Chau Srei Vibol. Oddly enough my 5-year-old’s favourite Angkor temple!? We were ready to go back to Siem Reap for a cold one whilst she was still taking ‘just one more photo’. Not quite sure why she liked the rarely-visited Chau Srei Vibol so much – maybe all the trees and the hilly terrain – though even at her age she seems to prefer the temples without many other tourists at them.
If you can make it out to this site then you are pretty sure to have the place to yourself but continually improving roads means it isn’t that inaccessible anymore. Chau Srei Vibol is actually located on the old Angkor-period road to Beng Melea so lies some 13 kilometres due east of Prasart Kravan. (The old road is the track that leads off the sealed road between Kravan and Sra Srang – signposted Bat Chum.) However it’s not easy to get to it that way these days and the main access road is the track that runs from Phnom Bok down to the National 6 near Rolous – it’s on most maps anyway. That’s a half-decent track linking several villages though may get a bit tricky during heavy rains.
Chau Srei Vibol is a large, albeit very ruined, site with a unique layout. A wide moat and laterite enclosure wall surround a steep hillock on the summit of which the inner enclosure and central shrine were constructed. The laterite wall has 4 entrance gopuras – all in very ruined states and at the foot of the hillock is an unusual cruciform building whose purpose is unknown. In fact not too much is known about this temple since to my knowledge no inscriptions were found and its severely ruined state makes it difficult to work out what’s what but it does have the hallmarks of an 11th-century, Suryavarman I period temple.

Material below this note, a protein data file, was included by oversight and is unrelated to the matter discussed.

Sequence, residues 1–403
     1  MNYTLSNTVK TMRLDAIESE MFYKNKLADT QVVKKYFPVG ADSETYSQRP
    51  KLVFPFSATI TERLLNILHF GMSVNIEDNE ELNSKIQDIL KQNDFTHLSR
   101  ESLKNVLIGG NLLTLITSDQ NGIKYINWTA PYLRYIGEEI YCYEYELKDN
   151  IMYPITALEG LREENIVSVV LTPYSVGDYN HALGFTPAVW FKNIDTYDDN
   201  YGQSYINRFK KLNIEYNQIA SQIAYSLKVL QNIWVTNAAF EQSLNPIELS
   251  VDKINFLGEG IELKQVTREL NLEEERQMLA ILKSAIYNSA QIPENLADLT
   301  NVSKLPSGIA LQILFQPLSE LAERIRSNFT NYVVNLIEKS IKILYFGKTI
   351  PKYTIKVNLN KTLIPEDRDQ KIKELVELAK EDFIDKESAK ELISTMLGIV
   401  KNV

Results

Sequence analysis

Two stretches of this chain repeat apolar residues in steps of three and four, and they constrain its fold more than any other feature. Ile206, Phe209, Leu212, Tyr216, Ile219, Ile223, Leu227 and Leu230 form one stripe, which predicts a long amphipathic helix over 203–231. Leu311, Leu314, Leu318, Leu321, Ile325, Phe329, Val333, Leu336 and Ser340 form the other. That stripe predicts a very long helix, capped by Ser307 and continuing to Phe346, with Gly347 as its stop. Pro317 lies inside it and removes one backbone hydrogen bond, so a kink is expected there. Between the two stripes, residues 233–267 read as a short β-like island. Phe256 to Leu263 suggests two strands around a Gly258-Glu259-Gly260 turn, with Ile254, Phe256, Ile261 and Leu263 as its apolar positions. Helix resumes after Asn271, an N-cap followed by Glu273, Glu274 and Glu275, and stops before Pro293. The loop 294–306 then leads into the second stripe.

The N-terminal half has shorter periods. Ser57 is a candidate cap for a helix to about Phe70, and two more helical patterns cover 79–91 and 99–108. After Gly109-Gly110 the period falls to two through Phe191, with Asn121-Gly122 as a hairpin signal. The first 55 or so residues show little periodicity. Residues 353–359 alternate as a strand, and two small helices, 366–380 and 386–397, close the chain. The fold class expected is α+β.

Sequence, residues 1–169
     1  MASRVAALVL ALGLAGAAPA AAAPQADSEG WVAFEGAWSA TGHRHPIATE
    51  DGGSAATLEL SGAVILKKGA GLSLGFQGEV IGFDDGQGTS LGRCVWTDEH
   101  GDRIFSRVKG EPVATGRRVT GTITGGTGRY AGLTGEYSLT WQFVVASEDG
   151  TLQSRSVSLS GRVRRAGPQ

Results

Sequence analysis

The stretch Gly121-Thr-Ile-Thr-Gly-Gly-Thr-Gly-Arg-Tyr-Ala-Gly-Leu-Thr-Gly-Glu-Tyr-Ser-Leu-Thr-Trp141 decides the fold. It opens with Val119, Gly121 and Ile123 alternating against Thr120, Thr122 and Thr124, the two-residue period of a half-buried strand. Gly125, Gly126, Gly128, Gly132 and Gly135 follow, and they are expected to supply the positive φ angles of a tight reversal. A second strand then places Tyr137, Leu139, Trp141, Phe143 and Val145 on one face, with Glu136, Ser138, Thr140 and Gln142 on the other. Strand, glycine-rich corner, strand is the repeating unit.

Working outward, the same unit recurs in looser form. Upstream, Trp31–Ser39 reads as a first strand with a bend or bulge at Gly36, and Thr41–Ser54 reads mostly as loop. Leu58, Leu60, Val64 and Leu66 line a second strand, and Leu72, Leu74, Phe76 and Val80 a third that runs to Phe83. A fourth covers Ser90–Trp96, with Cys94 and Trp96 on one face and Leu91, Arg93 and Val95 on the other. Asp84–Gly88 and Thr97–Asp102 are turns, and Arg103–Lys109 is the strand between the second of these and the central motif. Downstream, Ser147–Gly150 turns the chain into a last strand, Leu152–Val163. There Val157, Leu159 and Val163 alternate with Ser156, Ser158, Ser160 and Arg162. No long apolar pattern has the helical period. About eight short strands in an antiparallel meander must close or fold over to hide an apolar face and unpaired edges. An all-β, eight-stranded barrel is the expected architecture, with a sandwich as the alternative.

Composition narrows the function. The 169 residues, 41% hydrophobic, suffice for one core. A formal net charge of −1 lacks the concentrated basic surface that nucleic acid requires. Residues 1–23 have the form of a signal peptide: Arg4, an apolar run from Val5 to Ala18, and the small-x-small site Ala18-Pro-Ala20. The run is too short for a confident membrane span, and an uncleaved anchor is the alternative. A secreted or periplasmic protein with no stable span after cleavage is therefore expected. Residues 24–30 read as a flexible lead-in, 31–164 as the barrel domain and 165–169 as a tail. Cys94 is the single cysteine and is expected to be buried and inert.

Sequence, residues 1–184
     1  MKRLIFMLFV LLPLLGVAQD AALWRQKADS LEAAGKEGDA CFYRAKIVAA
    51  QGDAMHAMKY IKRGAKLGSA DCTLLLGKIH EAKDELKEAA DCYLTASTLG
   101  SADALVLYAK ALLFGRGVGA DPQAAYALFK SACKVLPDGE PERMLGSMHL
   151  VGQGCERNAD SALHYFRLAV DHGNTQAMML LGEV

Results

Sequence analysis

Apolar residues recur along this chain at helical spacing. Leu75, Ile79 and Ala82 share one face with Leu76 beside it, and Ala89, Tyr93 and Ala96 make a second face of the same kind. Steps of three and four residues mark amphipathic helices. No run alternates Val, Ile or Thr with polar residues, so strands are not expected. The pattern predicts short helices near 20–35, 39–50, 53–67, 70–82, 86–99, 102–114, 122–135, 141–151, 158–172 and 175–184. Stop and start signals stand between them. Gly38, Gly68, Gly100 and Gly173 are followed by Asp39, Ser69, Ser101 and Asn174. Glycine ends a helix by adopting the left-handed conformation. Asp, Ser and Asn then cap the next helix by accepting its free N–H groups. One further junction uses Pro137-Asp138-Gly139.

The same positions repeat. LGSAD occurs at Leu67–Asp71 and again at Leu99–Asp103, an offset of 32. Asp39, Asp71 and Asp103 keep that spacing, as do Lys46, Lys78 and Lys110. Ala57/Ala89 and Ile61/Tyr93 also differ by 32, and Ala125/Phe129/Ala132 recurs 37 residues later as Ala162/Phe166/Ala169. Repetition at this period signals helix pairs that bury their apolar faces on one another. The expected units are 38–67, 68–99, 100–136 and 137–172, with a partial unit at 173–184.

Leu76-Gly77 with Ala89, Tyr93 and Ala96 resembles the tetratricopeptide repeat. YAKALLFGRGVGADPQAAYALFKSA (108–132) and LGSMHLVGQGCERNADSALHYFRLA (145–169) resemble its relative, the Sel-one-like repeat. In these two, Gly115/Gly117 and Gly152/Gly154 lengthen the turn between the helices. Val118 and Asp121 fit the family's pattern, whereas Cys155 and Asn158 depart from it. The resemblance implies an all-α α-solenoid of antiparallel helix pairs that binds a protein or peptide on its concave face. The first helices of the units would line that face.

Some laterite terracing can be found on the sides of the hill whilst on the top is an enclosure gallery, central towers and a ‘library’ – all in sandstone. The ‘library’ is one of the few intact buildings and indeed the overall level of destruction points to the hand of man rather than nature alone. (Locals blame it on 14th-century Siamese invaders.) The carvings that remain are also in poor condition though it doesn’t seem to have been particularly well endowed in that respect anyway. The layout and location have led some archaeologists to suggest the temple had more of a military function than religious and there may be something in that theory.
So don’t go there expecting delicate apsaras and fine reliefs but it is an atmospheric and fun site to explore in the classic clambering over massive piles of sandstone blocks and ruined towers glimpsed through encroaching jungle style plus as we said you’d probably have the place to yourself!
Note the particular itinerary is not a regular feature of our Cambodia tours but an optional afternoon of off the beaten track temples tour is easily arranged.